New Study Shows Link Between Dental Hygiene and Alzheimer’s

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While there is no proven cure for Alzheimer’s yet, there are a few small things people with the disease (or people concerned about getting the disease) can be doing to stay healthy.

Two of those things will only take you a few minutes a day. And they are — drumroll please — brushing and flossing.

How could unhealthy teeth affect my brain, you ask? While nothing is really known for sure at this time, it is believed that periodontitis is the main culprit. Periodontitis is severe inflammation of the gums and can be prevented with a simple daily oral hygiene routine that includes brushing and flossing. Periodontitis affects about half of people over age 30, and that number only increases with age. About 70 percent of people over age 65 have periodontal disease. The inflammation associated with periodontitis appears to cause an inflammatory reaction in the brain that triggers or worsens Alzheimer’s.

Senior man brushing his teeth

The University of Southampton and King’s College London recently worked together on a study on 59 people with dementia in the U.K. Their findings were published in the journal PLOS One.

At the beginning of the study, a dental hygienist evaluated the oral health of each participant. The patients were also cognitively assessed and had blood drawn to test for inflammatory markers. At the end of the study, six months later, 52 of the subjects were evaluated a second time.

Those who were found to have periodontitis — a severe inflammatory disease affecting the gums — experienced on average six times more mental decline than those who began the study with healthy mouths.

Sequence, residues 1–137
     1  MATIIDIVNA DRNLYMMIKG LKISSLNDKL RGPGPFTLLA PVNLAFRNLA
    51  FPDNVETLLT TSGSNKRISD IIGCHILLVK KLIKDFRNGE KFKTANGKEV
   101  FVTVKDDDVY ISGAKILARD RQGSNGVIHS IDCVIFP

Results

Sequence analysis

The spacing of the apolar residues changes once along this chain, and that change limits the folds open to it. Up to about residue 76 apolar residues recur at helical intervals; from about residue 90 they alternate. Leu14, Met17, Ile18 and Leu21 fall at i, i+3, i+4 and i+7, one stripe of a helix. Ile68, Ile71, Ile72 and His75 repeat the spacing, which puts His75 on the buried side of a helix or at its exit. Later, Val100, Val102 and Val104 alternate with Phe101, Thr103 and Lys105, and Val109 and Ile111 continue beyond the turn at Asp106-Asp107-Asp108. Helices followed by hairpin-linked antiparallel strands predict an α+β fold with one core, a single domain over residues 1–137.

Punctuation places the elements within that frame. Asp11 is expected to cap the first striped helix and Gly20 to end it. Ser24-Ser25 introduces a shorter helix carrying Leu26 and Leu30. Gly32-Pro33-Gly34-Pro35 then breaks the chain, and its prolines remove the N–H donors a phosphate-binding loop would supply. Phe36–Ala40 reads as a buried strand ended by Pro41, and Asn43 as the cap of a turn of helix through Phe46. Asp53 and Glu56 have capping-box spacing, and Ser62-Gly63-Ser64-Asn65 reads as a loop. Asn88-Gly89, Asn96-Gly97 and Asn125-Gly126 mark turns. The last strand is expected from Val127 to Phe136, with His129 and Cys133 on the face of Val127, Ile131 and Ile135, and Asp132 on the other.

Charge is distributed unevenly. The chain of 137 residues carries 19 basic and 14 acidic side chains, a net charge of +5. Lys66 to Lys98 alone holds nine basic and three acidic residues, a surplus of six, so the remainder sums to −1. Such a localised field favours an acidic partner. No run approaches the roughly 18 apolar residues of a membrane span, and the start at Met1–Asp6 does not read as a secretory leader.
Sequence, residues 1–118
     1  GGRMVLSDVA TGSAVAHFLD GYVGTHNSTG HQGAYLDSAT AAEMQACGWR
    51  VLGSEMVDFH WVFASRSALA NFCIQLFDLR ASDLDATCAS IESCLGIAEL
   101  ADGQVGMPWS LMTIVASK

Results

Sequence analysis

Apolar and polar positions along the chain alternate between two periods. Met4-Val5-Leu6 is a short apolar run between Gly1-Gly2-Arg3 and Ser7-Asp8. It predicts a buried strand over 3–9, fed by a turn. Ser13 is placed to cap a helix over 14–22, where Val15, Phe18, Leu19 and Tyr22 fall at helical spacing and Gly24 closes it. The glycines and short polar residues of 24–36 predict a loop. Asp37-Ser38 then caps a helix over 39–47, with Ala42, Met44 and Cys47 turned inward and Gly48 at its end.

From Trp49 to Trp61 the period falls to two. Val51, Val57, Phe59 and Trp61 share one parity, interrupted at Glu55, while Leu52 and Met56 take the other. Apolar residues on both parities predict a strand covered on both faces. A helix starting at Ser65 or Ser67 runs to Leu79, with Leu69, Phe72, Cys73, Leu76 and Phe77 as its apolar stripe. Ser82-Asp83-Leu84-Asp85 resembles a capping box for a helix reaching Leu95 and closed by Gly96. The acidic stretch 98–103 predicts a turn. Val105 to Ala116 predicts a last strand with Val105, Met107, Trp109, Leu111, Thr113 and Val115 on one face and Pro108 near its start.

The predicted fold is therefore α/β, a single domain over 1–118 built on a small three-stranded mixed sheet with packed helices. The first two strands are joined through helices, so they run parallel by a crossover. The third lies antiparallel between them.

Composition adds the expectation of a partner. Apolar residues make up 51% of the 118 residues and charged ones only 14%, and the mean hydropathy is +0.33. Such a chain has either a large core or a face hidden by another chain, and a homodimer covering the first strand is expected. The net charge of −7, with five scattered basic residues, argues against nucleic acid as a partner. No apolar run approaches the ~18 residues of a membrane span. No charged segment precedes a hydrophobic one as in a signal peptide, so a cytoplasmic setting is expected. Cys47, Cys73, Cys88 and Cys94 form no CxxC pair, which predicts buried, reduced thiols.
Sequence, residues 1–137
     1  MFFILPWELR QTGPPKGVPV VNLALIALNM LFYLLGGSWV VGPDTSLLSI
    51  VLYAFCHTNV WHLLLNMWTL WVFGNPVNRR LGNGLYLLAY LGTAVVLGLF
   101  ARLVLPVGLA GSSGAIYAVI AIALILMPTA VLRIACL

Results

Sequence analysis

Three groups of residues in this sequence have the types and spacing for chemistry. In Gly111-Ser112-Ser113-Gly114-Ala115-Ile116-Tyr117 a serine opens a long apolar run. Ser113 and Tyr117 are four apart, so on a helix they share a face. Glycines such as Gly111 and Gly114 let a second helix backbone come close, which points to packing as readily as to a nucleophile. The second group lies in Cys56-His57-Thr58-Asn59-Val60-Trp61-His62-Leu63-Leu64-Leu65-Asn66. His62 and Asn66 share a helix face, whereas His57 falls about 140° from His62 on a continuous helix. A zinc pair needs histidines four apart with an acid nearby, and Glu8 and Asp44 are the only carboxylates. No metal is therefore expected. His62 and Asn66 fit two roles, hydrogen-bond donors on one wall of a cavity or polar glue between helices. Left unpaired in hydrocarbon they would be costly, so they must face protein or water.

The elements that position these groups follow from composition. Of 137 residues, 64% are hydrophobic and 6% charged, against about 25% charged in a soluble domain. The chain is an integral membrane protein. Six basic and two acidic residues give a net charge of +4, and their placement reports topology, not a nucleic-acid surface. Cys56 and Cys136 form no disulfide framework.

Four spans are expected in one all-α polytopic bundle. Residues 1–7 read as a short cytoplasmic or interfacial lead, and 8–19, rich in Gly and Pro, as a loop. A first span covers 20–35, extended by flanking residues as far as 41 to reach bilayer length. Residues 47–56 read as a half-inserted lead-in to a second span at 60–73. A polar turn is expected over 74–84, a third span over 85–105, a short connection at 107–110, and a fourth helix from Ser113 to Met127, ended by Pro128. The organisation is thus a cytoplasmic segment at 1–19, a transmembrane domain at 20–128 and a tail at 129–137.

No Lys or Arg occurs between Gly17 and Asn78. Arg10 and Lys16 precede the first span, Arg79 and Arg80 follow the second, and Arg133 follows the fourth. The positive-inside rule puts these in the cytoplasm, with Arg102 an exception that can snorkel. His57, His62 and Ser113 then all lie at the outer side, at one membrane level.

“In just six months you could see the patients going downhill,” said Dr. Mark Ide, a dentist from King’s College London. “It’s really quite scary.”

The study was too small to be very conclusive, and it isn’t yet clear whether the gum disease causes the mental decline at all. However, it may be better to be safe than to be sorry. Professor Clive Holmes, a senior author at the University of Southampton, says:

“If there is a direct relationship between periodontitis and cognitive decline, as this current study suggests, then treatment of gum disease might be a possible treatment option for Alzheimer’s.”

While we await further studies with more participants and clearer results, it never hurts to be on the safe side. Be sure to brush and floss regularly and visit your dentist for a cleaning every six months.

If you’re a caretaker for someone with Alzheimer’s who doesn’t remember or care to floss and brush, consider asking your dental hygienist for tips on how to take care of someone else’s teeth.

What do you think about flossing and brushing as a treatment for Alzheimer’s? Share your stories in the comments below.

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Elizabeth Nelson is a wordsmith, an alumna of Aquinas College in Grand Rapids, a four-leaf-clover finder, and a grammar connoisseur. She has lived in west Michigan since age four but loves to travel to new (and old) places. In her free time, she. . . wait, what’s free time?